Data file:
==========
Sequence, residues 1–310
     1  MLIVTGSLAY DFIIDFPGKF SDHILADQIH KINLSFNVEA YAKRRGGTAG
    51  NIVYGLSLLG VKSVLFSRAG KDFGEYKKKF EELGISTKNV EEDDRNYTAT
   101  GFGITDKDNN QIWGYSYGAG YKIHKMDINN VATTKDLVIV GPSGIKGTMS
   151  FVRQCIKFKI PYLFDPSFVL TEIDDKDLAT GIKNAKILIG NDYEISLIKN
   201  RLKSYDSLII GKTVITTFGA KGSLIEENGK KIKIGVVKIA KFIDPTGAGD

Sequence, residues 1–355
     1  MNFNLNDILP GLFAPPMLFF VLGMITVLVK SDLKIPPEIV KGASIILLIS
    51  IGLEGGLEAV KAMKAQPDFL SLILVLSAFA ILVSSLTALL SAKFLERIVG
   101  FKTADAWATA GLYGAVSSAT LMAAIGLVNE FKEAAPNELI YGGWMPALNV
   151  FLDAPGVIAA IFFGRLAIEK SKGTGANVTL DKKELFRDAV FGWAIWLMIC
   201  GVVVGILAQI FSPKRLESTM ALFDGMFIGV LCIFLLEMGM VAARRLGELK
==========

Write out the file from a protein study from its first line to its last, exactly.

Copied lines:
Sequence, residues 1–310
     1  MLIVTGSLAY DFIIDFPGKF SDHILADQIH KINLSFNVEA YAKRRGGTAG
    51  NIVYGLSLLG VKSVLFSRAG KDFGEYKKKF EELGISTKNV EEDDRNYTAT
   101  GFGITDKDNN QIWGYSYGAG YKIHKMDINN VATTKDLVIV GPSGIKGTMS
   151  FVRQCIKFKI PYLFDPSFVL TEIDDKDLAT GIKNAKILIG NDYEISLIKN
   201  RLKSYDSLII GKTVITTFGA KGSLIEENGK KIKIGVVKIA KFIDPTGAGD

Sequence, residues 1–355
     1  MNFNLNDILP GLFAPPMLFF VLGMITVLVK SDLKIPPEIV KGASIILLIS
    51  IGLEGGLEAV KAMKAQPDFL SLILVLSAFA ILVSSLTALL SAKFLERIVG
   101  FKTADAWATA GLYGAVSSAT LMAAIGLVNE FKEAAPNELI YGGWMPALNV
   151  FLDAPGVIAA IFFGRLAIEK SKGTGANVTL DKKELFRDAV FGWAIWLMIC
   201  GVVVGILAQI FSPKRLESTM ALFDGMFIGV LCIFLLEMGM VAARRLGELK